Misconception: Grieving The Life I Should’ve Had

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This week, I’ve spent a lot of time with my two-and-a-half year old Godson, and it’s been wonderful. He’s learned to call me by name: he calls me “Godmommy Sarah.” He’ll run into my arms, run up and hug my legs, give me kisses, and all sorts of other adorable, heart-melting things.

And I love him. I love him so much that it leaves me breathless. I would give him anything, do anything for him- I would literally die for him. I love him like he was my own.

But he’s not my own.

He is my best friend’s baby. And because I love my best friend, and I see how her life has changed and the incredible joy her son brings brings her and her husband, I can’t be anything but happy for them that Nolan belongs to them. He is the center of their lives, and that’s how it should be.

As much as I love spending time with my best friend and her son, or any of my friends who have children (that would be nearly every single one of them) it reminds me of what I don’t have. They are nearly all married too, reminding me that I do not have a spouse either.

None of this is their fault. I do not blame them, I am not angry at them, nor do I wish any of them ill.

It’s not that I’m not happy for them. It’s that I’m sad for myself.

The ironic thing is that, when I really think about it, I don’t even feel ready to married or adopt children. I’m not at that place in my life. I need to focus on my education, career, and continuing to get myself healthy. And yet, when I see my friends with what I don’t have, I feel this deep and abiding sense of grief, and a feeling of something missing.

Perhaps it’s not what’s missing in this life I’ve got right now, but the life I was supposed to have. The life I would’ve had if I hadn’t grown up in violence and chaos, the life I’d have had if things had been normal. If I’d gone up through high school and college, dated and found a husband, and maybe, if I hadn’t been abused the way I was and wound up so unhealthy, I might’ve been able to get pregnant. And I’d be in the same place as all my other friends in their early thirties, and I’d feel like a person who did things on a normal trajectory, instead of someone who’s always playing catch-up, always missing something that would make me enough.

I never said this was rational.

I grieve that life that was stolen from me. I grieve the fact that I’m not where my friends are. I grieve my inability to have children.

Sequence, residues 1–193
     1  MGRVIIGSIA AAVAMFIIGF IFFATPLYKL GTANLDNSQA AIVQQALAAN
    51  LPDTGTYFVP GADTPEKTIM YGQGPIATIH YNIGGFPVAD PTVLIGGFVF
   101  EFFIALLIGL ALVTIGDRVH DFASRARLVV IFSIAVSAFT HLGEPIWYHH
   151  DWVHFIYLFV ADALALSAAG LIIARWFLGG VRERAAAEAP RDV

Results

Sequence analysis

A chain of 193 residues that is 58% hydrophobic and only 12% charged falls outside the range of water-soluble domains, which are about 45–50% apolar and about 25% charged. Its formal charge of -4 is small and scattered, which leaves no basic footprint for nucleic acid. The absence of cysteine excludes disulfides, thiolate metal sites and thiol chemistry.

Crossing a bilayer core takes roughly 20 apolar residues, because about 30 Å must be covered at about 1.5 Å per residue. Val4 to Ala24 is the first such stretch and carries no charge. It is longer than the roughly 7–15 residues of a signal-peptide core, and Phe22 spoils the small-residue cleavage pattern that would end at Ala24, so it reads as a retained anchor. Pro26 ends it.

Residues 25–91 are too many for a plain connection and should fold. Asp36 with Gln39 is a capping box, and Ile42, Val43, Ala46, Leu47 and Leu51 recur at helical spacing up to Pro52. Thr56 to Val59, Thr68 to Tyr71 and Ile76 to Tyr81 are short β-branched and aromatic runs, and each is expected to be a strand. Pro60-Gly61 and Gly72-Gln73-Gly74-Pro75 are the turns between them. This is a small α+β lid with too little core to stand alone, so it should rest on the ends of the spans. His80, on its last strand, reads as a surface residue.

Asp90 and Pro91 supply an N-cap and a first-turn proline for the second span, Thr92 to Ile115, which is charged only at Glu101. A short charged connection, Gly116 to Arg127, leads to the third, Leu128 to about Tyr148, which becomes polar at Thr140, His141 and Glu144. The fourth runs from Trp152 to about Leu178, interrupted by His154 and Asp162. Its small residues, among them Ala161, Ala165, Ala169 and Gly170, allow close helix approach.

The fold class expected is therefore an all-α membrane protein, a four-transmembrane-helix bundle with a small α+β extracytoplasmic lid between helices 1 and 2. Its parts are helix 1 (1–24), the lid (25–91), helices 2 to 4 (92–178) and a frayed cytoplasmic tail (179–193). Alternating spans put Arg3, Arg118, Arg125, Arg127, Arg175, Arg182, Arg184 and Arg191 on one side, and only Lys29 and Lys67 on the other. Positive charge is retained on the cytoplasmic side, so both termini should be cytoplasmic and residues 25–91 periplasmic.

Because all the Sunday school teaching, Children’s Chapel leading, babysitting, teen mentoring, and Godmommy time in the world does not make me a mother.

To my friends: Please know that sometimes I may be inexplicably sad around you. Just let it happen. You can’t fix it; just be there with me and it’ll pass. It’s ok to talk about your kids, talk about your marriages. If you’re trying to get pregnant or you are pregnant, it’s ok to talk to me about it. If you need to complain about it, to be honest, I’m probably not the best person for that. But please continue to include me in things. Invite me to your kids’ parties and your girls’ nights. I love you, and I am happy that you are happy. I want nothing but the best for you. I will never let my grief get in the way of our friendship.

Thank you for understanding, and loving me through this. Thank you for letting me be part of your families and your lives. You make my world so wonderfully rich and beautiful. And this grief will eventually subside. In the meantime, I have plenty to do; nursing school to tackle, a business to run, Sunday school to teach.

And a Godson to love.

 

Blessed is she who believed that there would be a fulfillment of what was spoken to her by the Lord.

Luke 1:45

 

The Struggle is Real: Accepting, Not Overcoming, Infertility

“There is a unique pain that comes from preparing your heart for a child that never comes.” -David Platt text

When you hear that a woman is “struggling with infertility,” what do you think? Do you think of a woman desperately trying to get pregnant? Someone timing her ovulation, taking hormone injections, freezing her embryos?

This is one picture of a woman struggling with infertility. There is another picture: Me.

I am not desperately trying to become pregnant. I will never try to become pregnant, because pregnancy is too dangerous for me. Struggling with infertility is not always about pregnancy. Struggling with infertility is also about the grief that comes from knowing that you can’t even try. That pregnancy is simply not an option. My struggle with infertility is not an attempt to overcome it. My struggle with infertility is my attempt to accept it. 

How many other women are in this part of the struggle? How many other women silently try to grieve their way through without any support? Why is there no support system for women who can’t try, can’t fight it, who have to simply accept that having children naturally will not happen?

Believe me, when you go looking for “infertility support” every single resource is focused on getting pregnant or adopting. I have not found a single one that simply says, “Yes, you are grieving the loss of your ability to have children naturally. We’re here to help you accept that and move forward.” I don’t know why that doesn’t seem to be available. If you find a resource like that, please let me know.